Two mornings ago I woke up in an absurdly cozy room, all quilt and nook and alcove. Snow was sort of aimlessly wandering around the air outside. I faced a daunting to-do list:
1. Futile nine hundredth attempt to master, once and for all, the impossible passages in Ades’ Lieux Retrouves. (Somewhat urgent, as the concert is that day.)
2. Make progress on my libretto, possibly the first and last opera ever written about musical analysis. (Hilariously urgent).
3. Practice the Bartok Sonata, the Liszt Dante Sonata, etc. etc. Revisit the fundamental laws of piano playing.
4. Continue to develop script for video liner notes about the Goldberg Variations, avoiding the terrible pitfalls of pretension and boredom and gosh-golly oversimplification.
5. Annoy Steven Isserlis.
There are high-priority items on this list. But as anyone who has come into contact with Steven will I’m sure attest, the last item is the easiest, and the most fun. I made it my first order of business; annoying one’s colleagues is an important part of any profound musical relationship. (Longtime readers may remember this.)
As it happens, the place where Steven and I were staying is hosted by a lovely generous woman named Doris who, as I learned from a previous stay, makes incredibly weak coffee. You can sort of infer the weakness of the coffee from the calmness and coziness of the cottage she runs. It’s part of the whole gestalt of the place. Knowing this crucial piece of information, I brought my own kettle and cone and filters and a small Ziploc bag of ground beans. How else is one to withstand Oberlin in early February, at the epicenter of winter?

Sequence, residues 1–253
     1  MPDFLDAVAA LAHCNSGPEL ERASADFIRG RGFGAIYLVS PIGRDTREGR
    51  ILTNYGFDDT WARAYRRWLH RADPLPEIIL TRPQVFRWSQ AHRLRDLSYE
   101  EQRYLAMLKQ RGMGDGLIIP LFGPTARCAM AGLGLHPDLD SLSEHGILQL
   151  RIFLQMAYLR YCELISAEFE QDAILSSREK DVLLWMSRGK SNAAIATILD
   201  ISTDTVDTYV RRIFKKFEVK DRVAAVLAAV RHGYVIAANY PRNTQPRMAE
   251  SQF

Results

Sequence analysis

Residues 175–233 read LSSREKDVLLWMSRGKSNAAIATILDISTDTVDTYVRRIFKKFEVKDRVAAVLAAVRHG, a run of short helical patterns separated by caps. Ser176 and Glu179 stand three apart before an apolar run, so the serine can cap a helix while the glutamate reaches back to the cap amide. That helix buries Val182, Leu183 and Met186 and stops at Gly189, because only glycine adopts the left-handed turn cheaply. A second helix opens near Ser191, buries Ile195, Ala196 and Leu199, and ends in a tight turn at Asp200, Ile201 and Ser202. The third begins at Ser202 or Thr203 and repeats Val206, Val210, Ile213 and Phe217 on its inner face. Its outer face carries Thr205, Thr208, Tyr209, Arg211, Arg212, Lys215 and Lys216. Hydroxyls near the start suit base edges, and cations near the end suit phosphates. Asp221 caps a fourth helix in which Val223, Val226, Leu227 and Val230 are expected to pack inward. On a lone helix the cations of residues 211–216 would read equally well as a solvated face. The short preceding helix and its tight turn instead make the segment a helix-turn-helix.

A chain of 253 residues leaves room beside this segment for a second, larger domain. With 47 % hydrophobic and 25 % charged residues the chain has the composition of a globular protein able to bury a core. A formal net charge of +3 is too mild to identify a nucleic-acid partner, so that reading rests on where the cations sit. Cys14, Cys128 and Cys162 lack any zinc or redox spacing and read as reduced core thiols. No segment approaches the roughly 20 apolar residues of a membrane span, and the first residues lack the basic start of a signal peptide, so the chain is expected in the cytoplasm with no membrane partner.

I brought just enough beans for one person (myself) to make it through two mornings. Let me make this absolutely clear: I could have brought more, but I did not. Now cut, after ablutions, and me padding down two flights of creaky stairs in stocking feet, to a scene where Steven and I are sitting across from each other at a big wooden table. My kettle is humming away behind me. I am slowly then pouring hot water over my beans while Doris brews Steven some of her trademark brew.
Probably you don’t even need me to tell you how this turns out. I couldn’t have really planned it better. I lift my cup to my lips, it’s quite delicious, I smack my lips in appreciation. Meanwhile Steven is taking his first sip of Doris’ coffee. The look on his face: a sculpted masterpiece of resentment. My ongoing cries of pleasure. Steven’s whispered hisses. My giggles. Doris coming in to offer Steven more coffee. Mmm, I say, marvelous coffee, downing the last of my mug.
It was musical, predestined, collaborative, part of an endless series of irritations I have visited upon Steven over time, like Bach’s explorations of all the iterations of harmony and counterpoint.
What’s so satisfying about Steven is that once he grabs hold of some injustice, he gnaws on it for days, months, years. He mentioned my coffee behavior to everyone we met later that day, professors who don’t care, random staff, outreach coordinators, page-turners, whatever and whoever, he wanted everyone to know. But the wonderful thing is, I think all of them, having met Steven, understood exactly why I did it, and why I’d do it (with love in my heart) again and again and again.